Sammy Cahn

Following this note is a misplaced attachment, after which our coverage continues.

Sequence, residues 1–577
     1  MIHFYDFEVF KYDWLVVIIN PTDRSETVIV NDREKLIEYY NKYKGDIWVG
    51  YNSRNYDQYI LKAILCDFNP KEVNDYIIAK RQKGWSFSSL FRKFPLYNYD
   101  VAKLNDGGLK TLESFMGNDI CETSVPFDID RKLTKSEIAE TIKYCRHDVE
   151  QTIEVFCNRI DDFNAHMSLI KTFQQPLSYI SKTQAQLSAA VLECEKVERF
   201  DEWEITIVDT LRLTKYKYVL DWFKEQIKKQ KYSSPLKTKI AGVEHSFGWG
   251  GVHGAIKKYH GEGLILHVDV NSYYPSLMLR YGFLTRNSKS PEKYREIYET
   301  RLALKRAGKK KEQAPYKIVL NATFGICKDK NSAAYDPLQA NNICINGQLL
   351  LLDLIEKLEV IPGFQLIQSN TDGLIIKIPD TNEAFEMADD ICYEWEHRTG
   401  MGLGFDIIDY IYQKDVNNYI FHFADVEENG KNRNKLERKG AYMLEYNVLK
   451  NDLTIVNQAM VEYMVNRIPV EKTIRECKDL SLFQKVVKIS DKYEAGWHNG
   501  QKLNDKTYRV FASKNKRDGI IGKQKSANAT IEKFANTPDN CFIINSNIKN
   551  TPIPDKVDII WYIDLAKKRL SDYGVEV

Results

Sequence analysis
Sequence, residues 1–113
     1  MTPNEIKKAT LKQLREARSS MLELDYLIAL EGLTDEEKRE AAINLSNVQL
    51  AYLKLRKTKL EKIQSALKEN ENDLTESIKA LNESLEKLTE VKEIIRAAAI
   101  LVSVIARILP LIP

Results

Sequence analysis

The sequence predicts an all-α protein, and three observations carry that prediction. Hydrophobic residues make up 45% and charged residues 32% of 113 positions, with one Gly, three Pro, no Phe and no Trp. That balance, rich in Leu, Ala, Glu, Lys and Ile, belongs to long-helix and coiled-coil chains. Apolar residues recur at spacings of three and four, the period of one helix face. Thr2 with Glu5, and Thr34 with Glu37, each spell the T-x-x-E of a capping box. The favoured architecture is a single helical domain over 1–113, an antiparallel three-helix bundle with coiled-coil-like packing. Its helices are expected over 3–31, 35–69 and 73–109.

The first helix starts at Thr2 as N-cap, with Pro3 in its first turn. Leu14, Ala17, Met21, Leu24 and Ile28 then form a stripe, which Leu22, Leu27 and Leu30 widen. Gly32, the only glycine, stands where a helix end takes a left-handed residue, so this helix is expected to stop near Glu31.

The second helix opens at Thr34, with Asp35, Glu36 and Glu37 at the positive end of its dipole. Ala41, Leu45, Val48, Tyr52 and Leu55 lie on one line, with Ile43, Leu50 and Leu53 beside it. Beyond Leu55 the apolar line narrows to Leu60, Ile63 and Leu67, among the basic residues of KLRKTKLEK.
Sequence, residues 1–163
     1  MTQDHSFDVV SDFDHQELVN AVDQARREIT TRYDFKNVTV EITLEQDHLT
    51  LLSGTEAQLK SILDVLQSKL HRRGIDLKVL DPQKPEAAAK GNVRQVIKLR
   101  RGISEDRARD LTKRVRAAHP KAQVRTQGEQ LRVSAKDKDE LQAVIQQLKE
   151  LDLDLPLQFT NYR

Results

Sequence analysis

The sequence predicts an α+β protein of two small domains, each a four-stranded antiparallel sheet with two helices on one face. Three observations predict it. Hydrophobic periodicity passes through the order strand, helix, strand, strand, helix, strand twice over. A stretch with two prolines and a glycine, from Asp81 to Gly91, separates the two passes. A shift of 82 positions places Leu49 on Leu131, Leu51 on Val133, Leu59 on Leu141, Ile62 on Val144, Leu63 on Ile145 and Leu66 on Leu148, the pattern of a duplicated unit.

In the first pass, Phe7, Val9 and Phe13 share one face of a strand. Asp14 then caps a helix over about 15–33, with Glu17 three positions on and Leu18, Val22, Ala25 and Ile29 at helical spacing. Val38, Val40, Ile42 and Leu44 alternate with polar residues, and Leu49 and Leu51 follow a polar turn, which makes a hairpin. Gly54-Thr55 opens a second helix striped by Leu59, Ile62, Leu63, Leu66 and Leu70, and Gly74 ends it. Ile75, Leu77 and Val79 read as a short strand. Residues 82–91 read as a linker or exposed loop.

The songs of lyricist Sammy Cahn have been recorded by virtually every major singer of the 20th Century and are firmly ingrained in the American Songbook. He was nominated for a record 26 Academy Awards for lyric writing, and won four times, also a record. With Saul Chaplin, Cahn began writing numbers for vaudeville acts at the renowned Cotton Club and had his first success in 1935-36 with "Rhythm is Our Business" and "Until the Real Thing Comes Along," written for the Jimmy Lunceford Band, and 1937's "Bei Mir Bist Du Schoen," a huge hit recorded by The Andrews Sisters. In 1942, Cahn joined with Jule Styne in Hollywood and together they wrote songs for 19 films, including Frank Sinatra's early films Anchors Aweigh and It Happened In Brooklyn. They won an Academy Award for "Three Coins in the Fountain" and also wrote the Broadway musical High Button Shoes. Sinatra introduced Cahn to composer Jimmy Van Heusen in 1955, and together they wrote the title song for the 1955 Sinatra film The Tender Trap and a TV musical version of Our Town that included the Emmy Award-winning "Love and Marriage." Their long association with Frank Sinatra led to Sinatra's recording 89 of Cahn's songs, including "Come Fly with Me," "Only the Lonely," "All the Way" (Academy Award), "High Hopes" (Academy Award), "Call Me Irresponsible" (Academy Award), "The Second Time Around" and "My Kind of Town." Cahn and Van Heusen also collaborated on the Broadway shows Skyscraper and Walking Happy. Cahn was inducted into the Songwriters Hall of Fame in 1972 and later served as its President. In 1974, Cahn performed a one-man show on Broadway called Words and Music and toured with the show numerous times in the years that followed. Sammy Cahn died on January 15, 1993.